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Sympathetic Vibrations | Style from Strife

Fatherhood, Rhyming From the Heart Give Local MC His Voice

KC born-and-bred Abnorm headlines Saturday's Sound Machine bill at recordBar. (Contributed | Kia Randall)
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Ed. note: The rapper’s materials linked here contain explicit language.

Kansas City’s Abnorm, a talented, gritty MC whose young career has seen a lifetime of experiences, will headline this Saturday at the recordBar. While deserved, this top billing is a far cry from where Abnorm started – sneaking into that same venue as a teenager for some of his earliest brushes with the greater Kansas City hip-hop scene.

The performance will be part of the fourth edition of The Sound Machine, the excellent monthly concert series organized and curated by Kansas City label The Record Machine. Eschewing its typically indie rock lineup, this month is heavily weighted by hip-hop acts hailing from KC, St. Louis, and Lawrence, Kansas.

Ab gravitated toward hip-hop at a young age, and started rapping in fifth grade. He credits his family, particularly his brothers, with exposing him to good MCs as a child.

“It was the MCs with substance. It was about the words; it wasn’t about the beats,” Abnorm said.

But it was when he began to develop his own tastes, with a predisposition for the more cerebral hip-hop artists, that he developed a love for the genre as a form of expression.

“I could listen to them a cappella and still feel the pain,” he said. “The message would still get conveyed. The artistry was always what attached me to hip-hop.”

Born and raised in Kansas City, Abnorm moved frequently, and usually against his will – citing issues caused by family members as a common culprit. High school was particularly transient: He was enrolled in Lincoln College Prep, then Paseo, then back to Lincoln, then Grandview, before ultimately graduating from Hickman Mills.

As a self-described loner, he channeled his efforts into creative outlets – leading to forays into the graffiti and break dancing worlds.

But while Ab enjoyed participating in those worlds to any extent possible, he also liked just being a spectator. Even in his teens, Ab was inspired to support all facets of hip-hop culture in Kansas City – a passion that was greatly fueled by his ability (and penchant) for sneaking into the recordBar for its panoply of scene-pushing events.

His experiences at the recordBar, which include his first live performances, gave him his first taste of success in the hip-hop scene. He admired the venue so much that he even wrote a tribute track to it.

“It just happened to be a good place – a good venue that had good music – that I could sneak into. God brought me to the right places at the right time,” Abnorm said. “That was when I first noticed I have a valid rapper card. I was underage and I’d walk up and they’d say I was good. They showed me love.”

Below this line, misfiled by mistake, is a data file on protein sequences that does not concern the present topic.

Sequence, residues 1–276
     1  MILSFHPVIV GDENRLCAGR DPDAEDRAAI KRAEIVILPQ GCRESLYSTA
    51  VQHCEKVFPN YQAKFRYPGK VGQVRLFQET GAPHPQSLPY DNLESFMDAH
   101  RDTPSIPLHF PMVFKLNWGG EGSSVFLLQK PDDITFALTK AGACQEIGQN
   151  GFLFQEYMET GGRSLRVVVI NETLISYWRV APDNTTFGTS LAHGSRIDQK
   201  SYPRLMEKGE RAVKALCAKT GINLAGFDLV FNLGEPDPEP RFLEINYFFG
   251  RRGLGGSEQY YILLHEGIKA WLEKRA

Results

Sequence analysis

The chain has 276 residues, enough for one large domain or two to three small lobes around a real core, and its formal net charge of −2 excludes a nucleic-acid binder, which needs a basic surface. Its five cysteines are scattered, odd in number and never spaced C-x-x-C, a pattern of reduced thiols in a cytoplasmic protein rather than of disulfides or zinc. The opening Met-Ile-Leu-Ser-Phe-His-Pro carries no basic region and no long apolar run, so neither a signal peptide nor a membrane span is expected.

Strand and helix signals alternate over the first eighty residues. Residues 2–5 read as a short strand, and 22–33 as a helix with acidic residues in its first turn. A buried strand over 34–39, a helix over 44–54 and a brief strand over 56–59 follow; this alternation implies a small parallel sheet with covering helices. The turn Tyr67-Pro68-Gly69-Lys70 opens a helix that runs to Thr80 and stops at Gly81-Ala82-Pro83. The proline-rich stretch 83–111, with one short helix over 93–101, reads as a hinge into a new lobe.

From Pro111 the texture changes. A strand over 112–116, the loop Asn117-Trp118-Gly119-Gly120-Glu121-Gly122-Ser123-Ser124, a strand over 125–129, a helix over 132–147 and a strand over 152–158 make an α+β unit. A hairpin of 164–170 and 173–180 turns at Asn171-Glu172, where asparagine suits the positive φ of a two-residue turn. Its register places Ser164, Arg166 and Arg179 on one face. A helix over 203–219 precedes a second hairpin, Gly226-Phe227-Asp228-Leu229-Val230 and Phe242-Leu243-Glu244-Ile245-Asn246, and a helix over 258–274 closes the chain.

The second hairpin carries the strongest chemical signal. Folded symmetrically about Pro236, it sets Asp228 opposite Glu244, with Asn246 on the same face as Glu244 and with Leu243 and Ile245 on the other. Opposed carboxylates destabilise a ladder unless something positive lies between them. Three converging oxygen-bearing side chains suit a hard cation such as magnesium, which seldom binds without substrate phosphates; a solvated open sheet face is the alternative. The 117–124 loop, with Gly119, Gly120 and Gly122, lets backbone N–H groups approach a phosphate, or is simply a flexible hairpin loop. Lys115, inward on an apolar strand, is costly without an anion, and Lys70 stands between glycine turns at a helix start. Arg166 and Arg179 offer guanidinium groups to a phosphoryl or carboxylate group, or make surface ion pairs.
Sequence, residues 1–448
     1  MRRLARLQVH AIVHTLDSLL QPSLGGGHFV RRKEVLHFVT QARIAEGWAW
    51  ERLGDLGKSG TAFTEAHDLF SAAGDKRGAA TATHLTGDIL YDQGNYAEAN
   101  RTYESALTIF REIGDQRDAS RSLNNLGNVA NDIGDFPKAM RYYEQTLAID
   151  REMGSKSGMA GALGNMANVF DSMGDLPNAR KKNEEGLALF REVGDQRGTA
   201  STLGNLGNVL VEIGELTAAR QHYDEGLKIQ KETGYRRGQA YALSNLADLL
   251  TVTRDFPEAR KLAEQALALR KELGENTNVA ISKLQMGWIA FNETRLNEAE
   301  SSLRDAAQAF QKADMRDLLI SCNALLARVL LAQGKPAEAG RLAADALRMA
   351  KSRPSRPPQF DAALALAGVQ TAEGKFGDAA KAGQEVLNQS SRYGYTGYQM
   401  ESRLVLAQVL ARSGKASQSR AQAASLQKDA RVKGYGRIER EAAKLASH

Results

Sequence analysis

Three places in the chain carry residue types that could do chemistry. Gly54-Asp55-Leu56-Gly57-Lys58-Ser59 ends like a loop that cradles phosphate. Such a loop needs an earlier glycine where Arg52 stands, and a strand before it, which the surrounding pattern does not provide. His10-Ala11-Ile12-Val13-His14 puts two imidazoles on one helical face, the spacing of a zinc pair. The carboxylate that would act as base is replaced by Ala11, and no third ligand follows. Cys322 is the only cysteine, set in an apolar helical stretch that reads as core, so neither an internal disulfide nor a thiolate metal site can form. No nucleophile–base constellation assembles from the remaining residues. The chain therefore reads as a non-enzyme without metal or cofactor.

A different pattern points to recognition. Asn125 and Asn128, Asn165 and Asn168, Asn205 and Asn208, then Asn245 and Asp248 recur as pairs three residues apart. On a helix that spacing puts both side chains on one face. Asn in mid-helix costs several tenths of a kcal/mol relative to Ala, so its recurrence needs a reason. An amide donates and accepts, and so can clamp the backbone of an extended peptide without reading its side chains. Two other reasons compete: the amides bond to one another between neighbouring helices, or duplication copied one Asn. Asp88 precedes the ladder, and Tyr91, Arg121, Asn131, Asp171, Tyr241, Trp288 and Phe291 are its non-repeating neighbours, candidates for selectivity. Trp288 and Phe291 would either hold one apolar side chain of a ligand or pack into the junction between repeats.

Ab has been fairly prolific – releasing at least one project per year in addition to a litany of collaborations with other area MCs. But at age 20, right as Ab’s career began to take off, he learned he was going to be a father. The unexpected news, in combination with a host of personal setbacks, led Ab down a dark path.

Much of this struggle was documented in his 2014 LP, “The Dark Ages,” in which Ab describes a falling out with family, a struggle with drug addiction, the labyrinth of hoops to jump through while on probation, and a stint of time in which he was homeless – all while trying to come to terms with the thought of being a responsible parent. The subject matter is as visceral and gloomy as the title would suggest. So much so that Ab says he has a hard time listening to the album these days.

In the end, it was his devotion to his daughter, now five, that helped him clean up his life.

“I understood that I had to be a man, but I had to get the boy out of the way first. Let me get all this [expletive] out of my system so that when it was time for me to level up, I didn’t have anything to look back on,” Abnorm said. “You never know how strong you are until being strong is your only option. She made me put on my big boy pants. There was no option to be weak.”

Ab put his live performance schedule on the back burner, focused on being a good father and completed his probation program. And now he’s back in full force, approaching his music with a well-deserved confidence, and always thinking of a bigger picture — like pushing his brand, “Style Style”. Ab conceived of the nickname and rally cry more than a decade ago, to describe what he called a “winning at winning” mentality.

He gave the concept a proper coronation in “My Style Got Style,” a cut from Volume One of Ab’s “Renaissance” project — a four-part series of releases examining pop culture, relationships and religion. Ab plans to release Volume Two in early Summer 2017.

In addition to keeping up his release schedule, Ab is dedicated to building upon his well-respected reputation in the KC rap battle scene; and expanding those horizons with a slate of battles against challenger rappers in five cities around the country this year.

For the future, he plans to keep his bars personal and put his experiences front and center — crucial aspects to his identity as an MC.

“It molded me into the artist I am, 100 percent. I feel like me being vulnerable, as I am, it gives people something to connect to, instead of just the cookie cutter [expletive],” Abnorm said. “They don’t want to just hear a rapper. They want to hear you.”

Abnorm will headline Sound Machine:004 at the recordBar this Saturday, January 14th with support from Illphonics, Lincoln Marshall, AZP, and Smitty the Kid.

— Dan Calderon is Kansas City native, an attorney, and contributor to Flatland. You can contact him by emailing pdancalderon@gmail.com, or on twitter @dansascity.

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